I’m not sure that I was aware of the extent to which Nietzsche was right until I entered the monastery, oddly enough. I’ve always liked Nietzsche, or perhaps felt that he was the primary thinker who needed to be answered if we were to have anything like a flourishing civil order. And to be honest about it, I suspected other people of emotivism, but assumed that my arguments and first principles were unassailable. Monastic life is about conversion, and one of the more surprising aspects of my own conversion (and if it’s real conversion, much of what we discover will come as a surprise, welcome or unwelcome), is the realization that I’m more a part of the emotivist problem than I wanted to admit.
So what have I done about it? Answering that will have to wait for now. Here, I want to finish off the modest point at the heart of this post.
If we have no way (yet) to resolve our moral disagreements rationally, and if our attempts to do so turn out to be assertions of power rather than reason, an important consequence follows. If, in a debate, we recognize that we lack the power to silence opposition and push through our moral agenda, we will try to enlist a more powerful third party who can do this for us. The very interesting sociologist Jonathan Haidt notices this very trend in the campus culture of microagresssion and victimization. Various strategies include organizing protests, public shaming on social media, and so on. But the election of a president is the big prize. He or she has the most power of all, and I suspect that one of the reasons that we have, over the past century, continually added to the power of the presidency, is that we’ve sensed at some level that we need a strong person to enforce policies that we can’t agree on as a people. Note that a major factor in this drift is the original sin of the American republic, that of slavery. We solved the problem of slavery by force, the force of the presidency no less. In contemporary life, when we have a president who shares our first principles, we tend to have a certain sense that good will has a chance of prevailing in the world, and when the president is someone who does share our first principles, history seems to be against us, evil prevailing, and so on. At some level we sense that it depends on power. “Q.e.d.” quoth Nietzsche from the grave.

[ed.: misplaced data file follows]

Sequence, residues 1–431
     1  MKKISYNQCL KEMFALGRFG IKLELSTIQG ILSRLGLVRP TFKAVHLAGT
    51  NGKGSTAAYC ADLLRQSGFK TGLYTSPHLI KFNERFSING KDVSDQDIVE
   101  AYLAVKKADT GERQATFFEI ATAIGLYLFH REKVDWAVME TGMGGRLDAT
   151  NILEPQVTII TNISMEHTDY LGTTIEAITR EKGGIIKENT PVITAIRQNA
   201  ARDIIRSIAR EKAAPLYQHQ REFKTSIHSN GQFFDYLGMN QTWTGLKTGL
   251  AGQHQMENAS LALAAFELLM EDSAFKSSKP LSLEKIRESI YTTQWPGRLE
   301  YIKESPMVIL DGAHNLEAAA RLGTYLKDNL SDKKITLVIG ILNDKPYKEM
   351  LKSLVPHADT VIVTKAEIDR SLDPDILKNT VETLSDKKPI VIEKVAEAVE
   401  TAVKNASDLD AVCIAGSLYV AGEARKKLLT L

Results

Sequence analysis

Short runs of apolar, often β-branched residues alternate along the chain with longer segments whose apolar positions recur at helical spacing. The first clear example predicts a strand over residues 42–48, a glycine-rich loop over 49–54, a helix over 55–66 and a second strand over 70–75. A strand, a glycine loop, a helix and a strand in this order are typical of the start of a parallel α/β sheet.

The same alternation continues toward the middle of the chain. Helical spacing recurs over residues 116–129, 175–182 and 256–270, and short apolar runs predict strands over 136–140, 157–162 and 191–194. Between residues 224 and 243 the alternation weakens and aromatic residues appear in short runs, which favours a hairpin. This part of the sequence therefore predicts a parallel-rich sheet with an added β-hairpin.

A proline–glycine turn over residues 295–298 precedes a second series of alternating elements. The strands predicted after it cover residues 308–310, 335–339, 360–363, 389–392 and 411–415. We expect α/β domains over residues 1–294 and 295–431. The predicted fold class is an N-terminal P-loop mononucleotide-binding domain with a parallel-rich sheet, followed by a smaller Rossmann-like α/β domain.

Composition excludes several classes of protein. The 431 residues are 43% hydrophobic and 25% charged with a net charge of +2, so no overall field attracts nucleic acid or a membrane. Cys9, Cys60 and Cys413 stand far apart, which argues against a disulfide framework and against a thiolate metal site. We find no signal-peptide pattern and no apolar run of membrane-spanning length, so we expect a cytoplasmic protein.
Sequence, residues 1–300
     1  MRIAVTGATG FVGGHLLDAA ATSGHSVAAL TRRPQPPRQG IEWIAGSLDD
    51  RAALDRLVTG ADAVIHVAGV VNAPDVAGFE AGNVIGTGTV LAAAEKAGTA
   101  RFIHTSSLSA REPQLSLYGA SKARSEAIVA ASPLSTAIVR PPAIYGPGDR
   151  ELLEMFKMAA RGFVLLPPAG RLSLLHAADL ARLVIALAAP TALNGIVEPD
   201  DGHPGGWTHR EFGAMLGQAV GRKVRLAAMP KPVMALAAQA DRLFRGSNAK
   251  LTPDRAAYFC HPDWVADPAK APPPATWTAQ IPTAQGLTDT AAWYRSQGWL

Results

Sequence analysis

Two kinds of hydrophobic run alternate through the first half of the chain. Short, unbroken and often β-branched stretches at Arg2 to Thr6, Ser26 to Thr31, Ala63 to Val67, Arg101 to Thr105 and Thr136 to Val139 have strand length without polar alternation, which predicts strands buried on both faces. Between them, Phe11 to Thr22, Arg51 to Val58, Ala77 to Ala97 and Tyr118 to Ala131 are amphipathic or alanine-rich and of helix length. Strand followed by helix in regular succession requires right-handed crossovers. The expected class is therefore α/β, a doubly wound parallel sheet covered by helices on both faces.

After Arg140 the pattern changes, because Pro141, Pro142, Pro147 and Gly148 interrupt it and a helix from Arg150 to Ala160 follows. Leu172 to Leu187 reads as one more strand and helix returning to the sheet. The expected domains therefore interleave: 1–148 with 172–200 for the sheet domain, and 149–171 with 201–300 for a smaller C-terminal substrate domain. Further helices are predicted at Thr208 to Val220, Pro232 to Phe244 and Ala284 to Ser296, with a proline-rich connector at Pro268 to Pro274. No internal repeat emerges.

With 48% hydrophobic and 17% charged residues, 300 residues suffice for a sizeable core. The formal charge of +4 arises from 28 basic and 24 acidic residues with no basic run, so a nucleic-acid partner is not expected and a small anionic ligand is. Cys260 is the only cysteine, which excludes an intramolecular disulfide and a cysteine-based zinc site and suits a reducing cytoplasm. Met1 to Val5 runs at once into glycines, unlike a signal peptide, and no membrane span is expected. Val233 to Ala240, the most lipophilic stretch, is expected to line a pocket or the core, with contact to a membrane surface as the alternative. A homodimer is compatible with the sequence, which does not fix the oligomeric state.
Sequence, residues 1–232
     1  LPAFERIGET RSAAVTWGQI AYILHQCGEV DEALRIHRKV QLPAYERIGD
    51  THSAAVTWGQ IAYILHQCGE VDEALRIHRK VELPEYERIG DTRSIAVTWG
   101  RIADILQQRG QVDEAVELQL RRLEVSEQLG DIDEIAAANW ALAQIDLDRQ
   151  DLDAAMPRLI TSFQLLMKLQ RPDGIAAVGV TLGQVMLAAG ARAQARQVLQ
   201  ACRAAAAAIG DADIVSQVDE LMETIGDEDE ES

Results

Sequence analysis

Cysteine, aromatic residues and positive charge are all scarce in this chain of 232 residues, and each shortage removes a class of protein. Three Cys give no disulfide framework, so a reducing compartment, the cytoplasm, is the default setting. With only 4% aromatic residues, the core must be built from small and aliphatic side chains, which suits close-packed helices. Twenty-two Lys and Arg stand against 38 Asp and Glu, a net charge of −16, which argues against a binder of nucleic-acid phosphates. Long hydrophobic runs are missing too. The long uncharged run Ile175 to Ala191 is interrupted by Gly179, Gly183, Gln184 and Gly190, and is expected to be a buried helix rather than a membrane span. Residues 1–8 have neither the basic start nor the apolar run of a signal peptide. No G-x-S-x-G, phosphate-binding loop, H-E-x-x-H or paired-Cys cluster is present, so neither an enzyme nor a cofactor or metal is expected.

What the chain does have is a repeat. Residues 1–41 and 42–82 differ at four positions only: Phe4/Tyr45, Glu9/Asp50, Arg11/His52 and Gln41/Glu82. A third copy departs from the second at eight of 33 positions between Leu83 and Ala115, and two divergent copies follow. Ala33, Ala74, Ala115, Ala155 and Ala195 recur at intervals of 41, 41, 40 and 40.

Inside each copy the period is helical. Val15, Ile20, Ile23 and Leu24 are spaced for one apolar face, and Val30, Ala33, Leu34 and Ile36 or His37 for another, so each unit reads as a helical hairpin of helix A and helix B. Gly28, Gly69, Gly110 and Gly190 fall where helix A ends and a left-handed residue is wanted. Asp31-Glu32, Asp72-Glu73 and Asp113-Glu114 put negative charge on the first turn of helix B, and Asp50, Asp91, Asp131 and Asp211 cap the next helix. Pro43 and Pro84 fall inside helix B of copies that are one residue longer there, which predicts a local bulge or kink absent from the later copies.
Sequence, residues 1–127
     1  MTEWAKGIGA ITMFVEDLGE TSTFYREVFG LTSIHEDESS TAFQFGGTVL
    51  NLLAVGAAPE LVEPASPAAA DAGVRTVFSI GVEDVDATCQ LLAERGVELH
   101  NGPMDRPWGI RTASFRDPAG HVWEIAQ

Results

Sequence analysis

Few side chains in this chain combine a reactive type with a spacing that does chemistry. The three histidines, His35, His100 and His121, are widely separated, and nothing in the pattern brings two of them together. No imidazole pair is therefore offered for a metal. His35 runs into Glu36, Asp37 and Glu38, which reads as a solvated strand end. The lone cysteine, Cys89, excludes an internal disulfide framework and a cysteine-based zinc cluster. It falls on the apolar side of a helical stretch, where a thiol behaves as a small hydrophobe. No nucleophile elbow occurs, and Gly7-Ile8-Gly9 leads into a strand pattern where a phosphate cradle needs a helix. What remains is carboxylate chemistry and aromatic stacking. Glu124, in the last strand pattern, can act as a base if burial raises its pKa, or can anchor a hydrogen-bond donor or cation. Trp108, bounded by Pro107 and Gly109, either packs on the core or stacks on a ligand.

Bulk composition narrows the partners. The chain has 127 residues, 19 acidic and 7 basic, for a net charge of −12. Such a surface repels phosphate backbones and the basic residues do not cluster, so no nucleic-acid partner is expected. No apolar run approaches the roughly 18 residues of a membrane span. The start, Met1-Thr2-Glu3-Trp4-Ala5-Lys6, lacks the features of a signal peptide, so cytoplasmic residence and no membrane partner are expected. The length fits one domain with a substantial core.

The presidency is not the only example. Catholics are tempted by the same kind of whiplash. Conservatives who felt that we were finally righting the ship under Pope Benedict XVI feel like we are quite suddenly and astonishingly weak under Pope Francis. Liberals who despaired of seeing the fruits of Vatican II realized because of the traditionalist leaning of the same Pope Benedict XVI, suddenly find blossoming of goodness and love everywhere under the same Pope Francis. The apparent rapport of the two of them doesn’t seem to affect this perception, which should lead us to believe that something other than a Manichean struggle between good and evil is going on, or at least that we have not characterized the struggle between good and evil properly, as one that goes through our own hearts and not through the conservative/liberal divide that we have inherited from the French Revolution. In the Catholic case, this over-reliance on the Holy Father is especially irritating to me, given that one of the best ideas, in my opinion, to come from the Council is that of subsidiarity. This means learning to solve problems at a local level without constantly appealing to higher-up third parties. To some extent, this implicates the project of Benedictine monasticism, properly understood.
1) The problem of morality as a thing.
2) Will talking about it help? Or not?
3) Nietzsche (almost) right again: truth as relationship.